Friday afternoon Rush Limbaugh took a call from a conservative teenager who wanted to know how to help his generation “realize what’s happening in our nation.” Rush offered some thoughts, beginning with this:
Liberalism is so easy. All you have to do is see some suffering and tell everybody that you see it, and that it really bothers you. Right there, you are given great credit for having great compassion, and people will say great things about you. All you have to do is notice it. You don’t have to offer a solution. If you do offer a solution, say, “The government ought to do something,” then they’ll really, really love you. Liberalism’s easy.
That’s why a lot of people end up going there, is no resistance to it. It doesn’t take any kind of thought because it’s all based in emotion, and thinking is harder than feeling. Thinking’s an applied process.
That’s a good point. It is indeed easy to see a problem and say “the government ought to do something.” People don’t make enough money? Raise the minimum wage. Don’t think about what the effects of that might be. Or just increase welfare. And again, don’t think through the long‐term effects. IBM is too big? Break it up, even as new competition is about to leave IBM in the dust. Part of the problem here is taking a snapshot view of the world — which at any point will be full of inefficiencies and inequalities— rather than a dynamic view. The world is constantly changing. Economic growth is a process. Things that are first bought only by the rich become cheaper and more available to the middle class and then to everyone. And centralized, compulsory “solutions” to immediate problems may impede growth, improvement, and progress.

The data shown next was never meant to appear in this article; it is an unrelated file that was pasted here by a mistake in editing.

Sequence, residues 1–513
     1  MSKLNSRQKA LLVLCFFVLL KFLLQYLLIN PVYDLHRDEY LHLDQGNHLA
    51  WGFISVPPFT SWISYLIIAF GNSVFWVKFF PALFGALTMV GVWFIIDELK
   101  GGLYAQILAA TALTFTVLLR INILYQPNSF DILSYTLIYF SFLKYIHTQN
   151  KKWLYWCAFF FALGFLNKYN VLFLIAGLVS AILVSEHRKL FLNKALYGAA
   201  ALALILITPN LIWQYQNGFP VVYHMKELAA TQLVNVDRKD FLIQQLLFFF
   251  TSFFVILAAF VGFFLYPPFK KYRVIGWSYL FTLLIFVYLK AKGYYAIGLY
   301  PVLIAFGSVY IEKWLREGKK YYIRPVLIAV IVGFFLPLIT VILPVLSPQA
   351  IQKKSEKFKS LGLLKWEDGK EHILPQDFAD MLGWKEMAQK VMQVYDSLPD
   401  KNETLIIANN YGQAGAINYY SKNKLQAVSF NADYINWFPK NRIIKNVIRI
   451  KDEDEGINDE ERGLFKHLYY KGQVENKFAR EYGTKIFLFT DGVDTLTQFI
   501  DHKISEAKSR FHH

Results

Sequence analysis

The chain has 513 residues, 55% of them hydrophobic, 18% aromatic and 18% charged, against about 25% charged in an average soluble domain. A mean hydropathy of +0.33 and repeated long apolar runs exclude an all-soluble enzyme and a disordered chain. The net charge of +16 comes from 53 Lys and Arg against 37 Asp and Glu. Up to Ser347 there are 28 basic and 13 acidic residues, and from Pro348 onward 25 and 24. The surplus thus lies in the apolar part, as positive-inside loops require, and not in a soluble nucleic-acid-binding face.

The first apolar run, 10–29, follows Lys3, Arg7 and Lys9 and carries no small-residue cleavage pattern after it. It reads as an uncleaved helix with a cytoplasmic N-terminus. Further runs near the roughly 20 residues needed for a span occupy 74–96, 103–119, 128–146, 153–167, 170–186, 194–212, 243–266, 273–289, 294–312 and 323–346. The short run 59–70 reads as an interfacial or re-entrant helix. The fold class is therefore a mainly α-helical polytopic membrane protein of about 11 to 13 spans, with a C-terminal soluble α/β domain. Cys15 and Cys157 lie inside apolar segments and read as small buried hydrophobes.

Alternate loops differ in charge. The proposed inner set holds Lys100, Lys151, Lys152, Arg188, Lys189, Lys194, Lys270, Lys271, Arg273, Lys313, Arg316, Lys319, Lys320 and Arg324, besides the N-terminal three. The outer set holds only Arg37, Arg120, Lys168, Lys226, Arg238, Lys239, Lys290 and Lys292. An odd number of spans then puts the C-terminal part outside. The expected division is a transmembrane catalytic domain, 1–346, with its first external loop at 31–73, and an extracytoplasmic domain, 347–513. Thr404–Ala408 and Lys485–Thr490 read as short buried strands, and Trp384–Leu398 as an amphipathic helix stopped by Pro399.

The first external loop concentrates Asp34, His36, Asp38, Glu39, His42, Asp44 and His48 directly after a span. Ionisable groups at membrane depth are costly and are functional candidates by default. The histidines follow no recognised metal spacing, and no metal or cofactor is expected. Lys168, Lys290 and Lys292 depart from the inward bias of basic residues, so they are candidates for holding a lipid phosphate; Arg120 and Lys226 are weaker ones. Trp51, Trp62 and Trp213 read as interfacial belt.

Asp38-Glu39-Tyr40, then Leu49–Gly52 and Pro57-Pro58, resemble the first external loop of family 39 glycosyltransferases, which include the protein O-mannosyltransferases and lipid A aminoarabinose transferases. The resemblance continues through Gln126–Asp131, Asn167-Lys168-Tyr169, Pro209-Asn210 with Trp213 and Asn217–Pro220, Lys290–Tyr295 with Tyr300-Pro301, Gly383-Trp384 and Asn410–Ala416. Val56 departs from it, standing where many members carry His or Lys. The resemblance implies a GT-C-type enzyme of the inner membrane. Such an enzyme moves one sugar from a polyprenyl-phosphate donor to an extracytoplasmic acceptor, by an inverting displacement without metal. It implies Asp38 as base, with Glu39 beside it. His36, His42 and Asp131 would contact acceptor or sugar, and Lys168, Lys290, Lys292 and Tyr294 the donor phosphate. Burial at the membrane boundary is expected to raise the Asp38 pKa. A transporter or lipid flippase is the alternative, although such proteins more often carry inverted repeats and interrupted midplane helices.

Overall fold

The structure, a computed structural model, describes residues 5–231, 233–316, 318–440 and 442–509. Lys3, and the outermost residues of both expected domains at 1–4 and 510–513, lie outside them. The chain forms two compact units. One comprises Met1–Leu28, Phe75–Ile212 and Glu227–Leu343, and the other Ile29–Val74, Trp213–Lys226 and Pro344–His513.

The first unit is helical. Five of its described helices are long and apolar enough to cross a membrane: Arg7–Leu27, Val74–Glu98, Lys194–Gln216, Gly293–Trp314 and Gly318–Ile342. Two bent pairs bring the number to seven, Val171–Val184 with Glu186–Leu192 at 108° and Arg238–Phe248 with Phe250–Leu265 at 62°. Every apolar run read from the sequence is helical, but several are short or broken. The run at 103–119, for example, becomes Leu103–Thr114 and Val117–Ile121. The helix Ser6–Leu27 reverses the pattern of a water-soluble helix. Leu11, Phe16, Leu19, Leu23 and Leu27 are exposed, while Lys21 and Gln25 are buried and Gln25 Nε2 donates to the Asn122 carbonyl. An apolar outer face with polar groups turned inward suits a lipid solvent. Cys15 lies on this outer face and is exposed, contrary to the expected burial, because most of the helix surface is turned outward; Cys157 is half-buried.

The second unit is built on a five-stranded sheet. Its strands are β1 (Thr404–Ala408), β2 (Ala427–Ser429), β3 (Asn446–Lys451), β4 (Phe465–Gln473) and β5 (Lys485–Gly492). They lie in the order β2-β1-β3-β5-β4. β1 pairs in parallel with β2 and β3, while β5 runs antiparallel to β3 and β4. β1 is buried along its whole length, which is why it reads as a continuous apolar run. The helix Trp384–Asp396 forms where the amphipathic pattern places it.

But Rush might have mentioned that sometimes “conservatism” is easy, too. All you have to do is see a problem and demand a government program. Some people get in trouble with drugs? Ban ’em. The Middle East is in chaos? Bomb some more countries. Russia is assertive? Stand up to ’em! “It doesn’t take any kind of thought because it’s all based in emotion, and thinking is harder than feeling. Thinking’s an applied process.” And when you think about it, you might realize that prohibition introduces all sorts of new problems, that the United States can’t control the whole world any more than it can control the American economy, that threatening war with a nuclear‐armed Russia might have disastrous consequences.
Yes, thinking is harder than feeling. It’s easy to say, “The government ought to do something.” And both liberals and conservatives default too easily to such easy answers.